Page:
Happy St. Frideswide’s Day. We may be the only people remembering it outside of Oxford, England, so we’ll just have to party all the harder on her behalf, right?
For those who have wondered where Frevisse’s unusual name came from, it’s the French version of Frideswide. Frideswide seems to have been effectively unknown outside the English Midlands, except for a single church dedicated to her in France as St. Frevisse. Frevisse’s wandering parents may have been just a touch homesick when their daughter was born in France and gave her a name that reminded them of home. So I am never over-sensitive about how a reader may choose to pronounce Frevisse’s name. There is the French version, the English version, the dialect version from some particular part of England — or of France, come to that — and far be it from me to claim there’s only one true way to say it. Knowing Frevisse, I’m sure she responds to all of them with equal ease.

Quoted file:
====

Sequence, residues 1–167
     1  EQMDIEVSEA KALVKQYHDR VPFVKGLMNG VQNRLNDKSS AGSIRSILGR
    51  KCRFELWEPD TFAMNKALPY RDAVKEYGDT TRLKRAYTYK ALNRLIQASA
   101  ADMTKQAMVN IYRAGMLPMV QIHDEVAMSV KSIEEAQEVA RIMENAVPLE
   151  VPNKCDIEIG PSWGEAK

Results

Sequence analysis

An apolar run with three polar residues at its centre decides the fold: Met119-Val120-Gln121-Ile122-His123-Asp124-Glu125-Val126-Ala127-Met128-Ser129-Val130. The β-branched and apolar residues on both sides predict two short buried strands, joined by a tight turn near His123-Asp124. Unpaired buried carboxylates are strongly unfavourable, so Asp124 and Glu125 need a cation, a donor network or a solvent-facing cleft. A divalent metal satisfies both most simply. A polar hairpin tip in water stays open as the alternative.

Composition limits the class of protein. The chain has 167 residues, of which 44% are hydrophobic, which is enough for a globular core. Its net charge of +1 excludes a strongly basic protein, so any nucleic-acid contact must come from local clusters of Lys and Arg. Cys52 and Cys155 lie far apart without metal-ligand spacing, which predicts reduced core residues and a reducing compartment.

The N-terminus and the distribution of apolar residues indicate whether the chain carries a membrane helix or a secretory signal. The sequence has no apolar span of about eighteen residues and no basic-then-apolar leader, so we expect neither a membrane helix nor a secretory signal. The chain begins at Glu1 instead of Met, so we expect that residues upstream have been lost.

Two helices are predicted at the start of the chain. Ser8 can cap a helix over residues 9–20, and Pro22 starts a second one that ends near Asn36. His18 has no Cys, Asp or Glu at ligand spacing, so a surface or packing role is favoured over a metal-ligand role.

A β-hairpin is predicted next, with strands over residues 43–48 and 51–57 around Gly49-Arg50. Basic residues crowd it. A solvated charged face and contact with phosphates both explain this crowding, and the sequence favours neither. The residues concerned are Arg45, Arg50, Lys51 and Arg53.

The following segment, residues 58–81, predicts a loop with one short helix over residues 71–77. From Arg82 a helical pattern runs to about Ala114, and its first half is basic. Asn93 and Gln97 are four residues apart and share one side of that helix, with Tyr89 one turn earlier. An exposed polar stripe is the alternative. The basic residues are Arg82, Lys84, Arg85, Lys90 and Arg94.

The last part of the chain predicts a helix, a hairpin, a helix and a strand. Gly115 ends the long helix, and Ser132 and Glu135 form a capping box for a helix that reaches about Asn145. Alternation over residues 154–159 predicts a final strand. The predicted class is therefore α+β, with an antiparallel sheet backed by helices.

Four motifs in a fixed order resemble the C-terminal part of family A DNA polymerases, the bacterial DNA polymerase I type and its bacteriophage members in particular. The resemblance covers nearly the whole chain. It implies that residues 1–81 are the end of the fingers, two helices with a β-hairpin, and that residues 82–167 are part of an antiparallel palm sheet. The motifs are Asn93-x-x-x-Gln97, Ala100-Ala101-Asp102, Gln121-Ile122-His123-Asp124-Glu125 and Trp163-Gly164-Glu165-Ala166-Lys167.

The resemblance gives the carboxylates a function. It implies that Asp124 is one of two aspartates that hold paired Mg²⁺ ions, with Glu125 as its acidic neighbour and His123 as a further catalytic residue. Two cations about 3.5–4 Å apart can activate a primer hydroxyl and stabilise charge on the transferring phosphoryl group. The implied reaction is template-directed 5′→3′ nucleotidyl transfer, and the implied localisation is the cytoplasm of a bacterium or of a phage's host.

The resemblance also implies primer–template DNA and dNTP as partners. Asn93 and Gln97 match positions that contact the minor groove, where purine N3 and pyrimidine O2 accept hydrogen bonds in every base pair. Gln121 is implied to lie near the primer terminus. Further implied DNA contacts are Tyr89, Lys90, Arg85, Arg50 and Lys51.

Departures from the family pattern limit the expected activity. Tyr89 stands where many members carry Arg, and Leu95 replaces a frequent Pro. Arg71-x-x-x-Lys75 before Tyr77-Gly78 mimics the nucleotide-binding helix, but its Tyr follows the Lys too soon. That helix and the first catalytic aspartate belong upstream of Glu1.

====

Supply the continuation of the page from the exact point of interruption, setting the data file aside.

It’s St. Etheldreda I feel sorry for. An Anglo-Saxon princess (like St. Frideswide), her name degenerated over the centuries to Audrey and then to the adjective tawdry. Frideswide may be pronounced “Fryswyd” today, but at least she hasn’t become an adjective. That I know of, anyway.